In the lead up to our Race Equality Chartermark submission, we want to highlight some of the experiences of those working on race equality and the personal stories that take place behind the scenes. Over the coming months, we will be posting a series of guest blog posts written by those working closely on the submission which demonstrate the way race equality is a part of all of our stories. Our second blog is from HR Case Consultant, Natalie Armitage, where she reflects on her own personal journey since joining the Race Equality Charter Mark Writing Group.
If I could sum up my experience as part of the Race Equality Charter Mark Writing Group (RECMWG) in three words, I would say: positive, enlightening and inspirational.
When first asked to be a part of the RECMWG, my first reaction was excitement.
Absolutely, I really want to get stuck in and learn.
But almost immediately my next reaction was fear with a dash of imposter syndrome.
What could I possibly bring to the table? I am white, I have no real knowledge of this issue- I don’t know what I could add.
What this experience has taught me is that everyone has something to add – we all have a responsibility to learn beyond our own experience and use our voices. Every meeting I attend I learn, grow and feel more motivated to help with the success of race equality at King’s.
Learning to Use My Voice
One of the first meetings we had was a workshop which was part team-building, part action-planning. We spoke about our motivations for joining the group. I shared that my reasons were:
- I have no knowledge of this area and I don’t like to be uninformed;
- I wanted to have a greater impact at King’s;
- I have held 3 different roles at King’s and my experience in the different areas may be useful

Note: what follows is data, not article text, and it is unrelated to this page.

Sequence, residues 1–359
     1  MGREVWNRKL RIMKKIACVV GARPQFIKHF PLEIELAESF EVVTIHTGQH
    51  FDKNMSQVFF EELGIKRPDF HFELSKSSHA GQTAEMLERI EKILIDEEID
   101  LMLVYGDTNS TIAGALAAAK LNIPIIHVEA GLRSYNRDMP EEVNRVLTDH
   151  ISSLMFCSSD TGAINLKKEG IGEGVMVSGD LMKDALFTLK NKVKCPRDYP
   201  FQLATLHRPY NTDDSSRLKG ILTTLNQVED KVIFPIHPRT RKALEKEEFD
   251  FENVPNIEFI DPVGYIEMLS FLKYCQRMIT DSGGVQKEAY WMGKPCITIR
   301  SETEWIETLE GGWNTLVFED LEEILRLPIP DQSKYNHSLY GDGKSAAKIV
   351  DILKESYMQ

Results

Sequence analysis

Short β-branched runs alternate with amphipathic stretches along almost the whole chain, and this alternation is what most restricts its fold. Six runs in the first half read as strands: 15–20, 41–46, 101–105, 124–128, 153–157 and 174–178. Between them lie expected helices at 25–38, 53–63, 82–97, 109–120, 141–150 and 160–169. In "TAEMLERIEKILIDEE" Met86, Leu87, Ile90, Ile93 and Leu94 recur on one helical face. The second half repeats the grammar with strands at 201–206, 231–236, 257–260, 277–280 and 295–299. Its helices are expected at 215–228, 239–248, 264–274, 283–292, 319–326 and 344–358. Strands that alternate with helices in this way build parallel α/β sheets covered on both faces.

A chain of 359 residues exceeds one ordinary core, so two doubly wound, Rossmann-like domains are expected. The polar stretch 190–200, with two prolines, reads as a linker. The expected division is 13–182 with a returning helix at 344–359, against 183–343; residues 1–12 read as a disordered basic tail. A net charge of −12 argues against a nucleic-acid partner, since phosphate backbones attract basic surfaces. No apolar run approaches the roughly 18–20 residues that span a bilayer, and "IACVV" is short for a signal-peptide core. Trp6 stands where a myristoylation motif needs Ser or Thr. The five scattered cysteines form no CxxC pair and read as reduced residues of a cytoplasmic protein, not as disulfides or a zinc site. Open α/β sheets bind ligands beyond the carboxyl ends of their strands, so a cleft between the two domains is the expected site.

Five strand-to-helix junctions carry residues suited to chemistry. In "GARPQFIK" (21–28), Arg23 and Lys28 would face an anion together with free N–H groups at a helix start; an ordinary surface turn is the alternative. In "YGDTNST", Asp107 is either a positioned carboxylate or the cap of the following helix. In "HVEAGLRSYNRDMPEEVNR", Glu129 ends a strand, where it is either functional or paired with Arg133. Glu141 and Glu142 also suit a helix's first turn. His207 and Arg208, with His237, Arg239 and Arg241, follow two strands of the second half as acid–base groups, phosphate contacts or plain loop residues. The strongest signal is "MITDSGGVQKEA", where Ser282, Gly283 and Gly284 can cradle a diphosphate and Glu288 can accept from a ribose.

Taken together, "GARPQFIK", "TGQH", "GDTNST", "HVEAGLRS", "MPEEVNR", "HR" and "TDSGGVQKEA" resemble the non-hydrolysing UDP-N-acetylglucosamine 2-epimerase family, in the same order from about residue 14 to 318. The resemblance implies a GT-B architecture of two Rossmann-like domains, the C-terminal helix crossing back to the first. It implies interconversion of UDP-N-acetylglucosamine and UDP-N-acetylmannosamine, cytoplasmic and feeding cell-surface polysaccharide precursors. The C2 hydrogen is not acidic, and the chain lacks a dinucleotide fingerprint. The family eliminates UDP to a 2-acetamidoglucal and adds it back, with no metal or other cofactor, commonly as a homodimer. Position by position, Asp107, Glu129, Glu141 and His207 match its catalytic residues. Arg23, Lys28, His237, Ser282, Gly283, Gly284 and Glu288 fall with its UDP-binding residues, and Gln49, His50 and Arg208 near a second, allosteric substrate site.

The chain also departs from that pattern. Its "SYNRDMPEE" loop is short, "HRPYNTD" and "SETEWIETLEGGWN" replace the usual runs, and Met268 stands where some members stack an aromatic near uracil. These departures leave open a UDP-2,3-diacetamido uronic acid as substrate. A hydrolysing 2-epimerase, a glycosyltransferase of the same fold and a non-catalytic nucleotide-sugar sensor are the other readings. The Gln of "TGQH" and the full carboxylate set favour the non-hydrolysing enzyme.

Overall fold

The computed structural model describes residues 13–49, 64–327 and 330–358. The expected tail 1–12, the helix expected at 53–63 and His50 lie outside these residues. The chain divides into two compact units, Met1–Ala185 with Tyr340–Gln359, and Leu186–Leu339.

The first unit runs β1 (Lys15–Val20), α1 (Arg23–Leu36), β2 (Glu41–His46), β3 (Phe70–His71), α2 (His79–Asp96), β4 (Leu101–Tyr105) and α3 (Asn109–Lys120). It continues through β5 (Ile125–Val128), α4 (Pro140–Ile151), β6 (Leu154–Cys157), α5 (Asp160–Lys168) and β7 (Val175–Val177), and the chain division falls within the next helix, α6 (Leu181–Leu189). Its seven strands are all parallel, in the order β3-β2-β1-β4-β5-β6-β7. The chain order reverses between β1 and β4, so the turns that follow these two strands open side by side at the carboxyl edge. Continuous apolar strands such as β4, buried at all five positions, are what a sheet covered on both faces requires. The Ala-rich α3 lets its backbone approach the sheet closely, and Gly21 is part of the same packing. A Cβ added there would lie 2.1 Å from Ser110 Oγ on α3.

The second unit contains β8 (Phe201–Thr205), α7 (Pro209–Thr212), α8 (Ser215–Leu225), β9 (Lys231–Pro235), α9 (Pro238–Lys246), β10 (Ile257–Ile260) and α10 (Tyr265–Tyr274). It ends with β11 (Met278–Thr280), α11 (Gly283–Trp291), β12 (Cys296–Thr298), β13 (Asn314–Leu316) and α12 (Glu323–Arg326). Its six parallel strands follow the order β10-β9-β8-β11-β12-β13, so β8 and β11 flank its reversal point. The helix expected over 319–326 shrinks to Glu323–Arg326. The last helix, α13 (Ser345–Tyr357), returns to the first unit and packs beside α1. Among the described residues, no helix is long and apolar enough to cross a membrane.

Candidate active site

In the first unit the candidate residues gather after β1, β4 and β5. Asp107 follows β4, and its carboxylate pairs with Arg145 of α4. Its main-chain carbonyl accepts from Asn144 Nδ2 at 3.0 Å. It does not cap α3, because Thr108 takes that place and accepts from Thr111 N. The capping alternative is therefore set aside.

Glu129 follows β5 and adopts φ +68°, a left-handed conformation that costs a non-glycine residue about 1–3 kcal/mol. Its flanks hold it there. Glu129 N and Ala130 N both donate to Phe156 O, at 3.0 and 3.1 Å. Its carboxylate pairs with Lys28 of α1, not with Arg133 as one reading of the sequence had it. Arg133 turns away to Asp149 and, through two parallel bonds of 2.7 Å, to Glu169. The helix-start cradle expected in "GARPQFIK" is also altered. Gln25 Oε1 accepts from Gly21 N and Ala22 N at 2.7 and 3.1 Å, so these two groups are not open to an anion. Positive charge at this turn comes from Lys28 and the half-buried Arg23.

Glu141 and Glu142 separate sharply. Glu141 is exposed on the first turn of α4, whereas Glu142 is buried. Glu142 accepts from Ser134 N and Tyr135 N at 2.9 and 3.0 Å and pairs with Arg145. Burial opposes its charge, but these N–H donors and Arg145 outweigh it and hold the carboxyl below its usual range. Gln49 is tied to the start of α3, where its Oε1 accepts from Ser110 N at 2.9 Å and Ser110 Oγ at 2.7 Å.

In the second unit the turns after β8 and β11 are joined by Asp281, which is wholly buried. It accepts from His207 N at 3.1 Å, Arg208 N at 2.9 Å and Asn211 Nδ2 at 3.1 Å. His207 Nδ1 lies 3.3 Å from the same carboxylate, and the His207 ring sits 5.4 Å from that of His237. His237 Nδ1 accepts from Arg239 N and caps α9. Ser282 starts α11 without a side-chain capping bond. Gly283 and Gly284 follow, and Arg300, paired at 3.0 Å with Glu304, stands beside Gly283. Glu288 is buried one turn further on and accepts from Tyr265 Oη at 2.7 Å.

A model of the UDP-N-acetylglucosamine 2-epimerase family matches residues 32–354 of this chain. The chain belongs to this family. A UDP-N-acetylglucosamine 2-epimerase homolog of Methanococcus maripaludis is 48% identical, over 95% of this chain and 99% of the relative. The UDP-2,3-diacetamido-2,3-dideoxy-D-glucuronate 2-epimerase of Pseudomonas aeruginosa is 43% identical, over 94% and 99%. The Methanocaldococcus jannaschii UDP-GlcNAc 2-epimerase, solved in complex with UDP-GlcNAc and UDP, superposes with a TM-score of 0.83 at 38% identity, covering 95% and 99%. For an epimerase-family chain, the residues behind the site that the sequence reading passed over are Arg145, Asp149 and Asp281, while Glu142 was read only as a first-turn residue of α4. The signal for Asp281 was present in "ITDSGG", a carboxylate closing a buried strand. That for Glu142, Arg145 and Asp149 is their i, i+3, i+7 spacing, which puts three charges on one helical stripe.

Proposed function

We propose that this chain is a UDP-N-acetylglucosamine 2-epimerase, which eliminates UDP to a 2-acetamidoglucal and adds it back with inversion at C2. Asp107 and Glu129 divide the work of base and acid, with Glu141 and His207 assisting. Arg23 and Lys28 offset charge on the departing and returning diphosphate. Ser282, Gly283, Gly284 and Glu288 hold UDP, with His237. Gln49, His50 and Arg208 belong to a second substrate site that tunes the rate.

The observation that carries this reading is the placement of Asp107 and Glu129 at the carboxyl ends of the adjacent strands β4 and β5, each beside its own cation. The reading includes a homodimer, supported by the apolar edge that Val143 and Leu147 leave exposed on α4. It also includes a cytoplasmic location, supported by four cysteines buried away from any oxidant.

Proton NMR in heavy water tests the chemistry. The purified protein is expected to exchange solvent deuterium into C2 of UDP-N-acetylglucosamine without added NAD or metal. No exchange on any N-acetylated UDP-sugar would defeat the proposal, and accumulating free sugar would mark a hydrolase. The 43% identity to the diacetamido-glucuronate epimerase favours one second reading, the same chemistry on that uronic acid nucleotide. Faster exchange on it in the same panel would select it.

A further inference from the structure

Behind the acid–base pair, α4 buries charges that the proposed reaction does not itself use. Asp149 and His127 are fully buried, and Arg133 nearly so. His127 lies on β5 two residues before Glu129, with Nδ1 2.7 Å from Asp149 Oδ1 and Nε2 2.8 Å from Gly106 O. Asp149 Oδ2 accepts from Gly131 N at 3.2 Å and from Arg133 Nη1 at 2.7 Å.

This exercise was absolutely essential to my journey in this group, I started to feel that my presence had meaning and that I DO have something to bring to the table. It also helped to build an invaluable sense of shared purpose amongst the team.
Reading for Further Understanding
A critical step in my journey was sharing books on Race Equality. The books I read were:
- ‘Why I am no longer talking to white people about race’ by Renni Eddo-Lodge
- ‘White Privilege: the myth of a post-racial society’ by Kalwant Bhopal.
My default setting to gain knowledge or learn is always to pick up a book, so this was perfect. Renni Eddo-Lodge opened my mind to thoughts I have never had and discussions I have never shared before. This book really gets to the heart of race equality and how this issue affects BME people, in an honest and raw way.
The second book by Kalwant Bhopal made me immensely uncomfortable, in the best possible way. White privilege is something I have never contemplated before, it was soon obvious that this is very real. To confront this has been a real eye-opener, but it gave me the information I needed to feel more confident in discussions and expanded my thinking in ways that are great for the group, but also for me professionally and personally.
Listening to Prepare for Action
The third key moment I want to share is the Dialogue to Action workshop I attended to capture the discussions between staff and students, which will eventually go on to inform King’s Race Equality action plan. This was an amazing experience because taking notes requires you to actively listen.
I moved between groups and became utterly absorbed. The passion and the real-life experiences that were shared were extremely moving. It became clear, in a way I had not seen before, that race equality at King’s is a huge topic and has an effect on so many. It became so obvious that there are voices to be heard and that people are ready for action.
The RECMWG is well-informed and considered in its pursuit of positive change and it has been a real pleasure to contribute to a group filled with passionate and enthusiastic individuals with a shared sense of purpose.